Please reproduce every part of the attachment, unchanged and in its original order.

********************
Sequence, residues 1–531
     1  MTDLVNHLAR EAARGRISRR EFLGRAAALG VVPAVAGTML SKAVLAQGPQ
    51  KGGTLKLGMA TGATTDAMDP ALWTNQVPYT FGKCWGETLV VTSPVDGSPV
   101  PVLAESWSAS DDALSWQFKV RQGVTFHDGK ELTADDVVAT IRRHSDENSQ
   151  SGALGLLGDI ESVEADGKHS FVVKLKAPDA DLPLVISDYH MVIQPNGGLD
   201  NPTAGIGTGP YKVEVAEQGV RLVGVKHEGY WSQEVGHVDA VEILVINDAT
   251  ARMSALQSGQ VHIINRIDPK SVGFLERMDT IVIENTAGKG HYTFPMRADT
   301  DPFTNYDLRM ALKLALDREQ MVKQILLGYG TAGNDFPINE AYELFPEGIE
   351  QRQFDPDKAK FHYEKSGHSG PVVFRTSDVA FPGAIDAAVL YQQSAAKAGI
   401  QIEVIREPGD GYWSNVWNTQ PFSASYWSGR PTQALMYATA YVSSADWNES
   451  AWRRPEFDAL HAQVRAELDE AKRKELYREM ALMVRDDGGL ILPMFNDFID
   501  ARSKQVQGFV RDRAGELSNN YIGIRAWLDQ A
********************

Sequence, residues 1–531
     1  MTDLVNHLAR EAARGRISRR EFLGRAAALG VVPAVAGTML SKAVLAQGPQ
    51  KGGTLKLGMA TGATTDAMDP ALWTNQVPYT FGKCWGETLV VTSPVDGSPV
   101  PVLAESWSAS DDALSWQFKV RQGVTFHDGK ELTADDVVAT IRRHSDENSQ
   151  SGALGLLGDI ESVEADGKHS FVVKLKAPDA DLPLVISDYH MVIQPNGGLD
   201  NPTAGIGTGP YKVEVAEQGV RLVGVKHEGY WSQEVGHVDA VEILVINDAT
   251  ARMSALQSGQ VHIINRIDPK SVGFLERMDT IVIENTAGKG HYTFPMRADT
   301  DPFTNYDLRM ALKLALDREQ MVKQILLGYG TAGNDFPINE AYELFPEGIE
   351  QRQFDPDKAK FHYEKSGHSG PVVFRTSDVA FPGAIDAAVL YQQSAAKAGI
   401  QIEVIREPGD GYWSNVWNTQ PFSASYWSGR PTQALMYATA YVSSADWNES
   451  AWRRPEFDAL HAQVRAELDE AKRKELYREM ALMVRDDGGL ILPMFNDFID
   501  ARSKQVQGFV RDRAGELSNN YIGIRAWLDQ A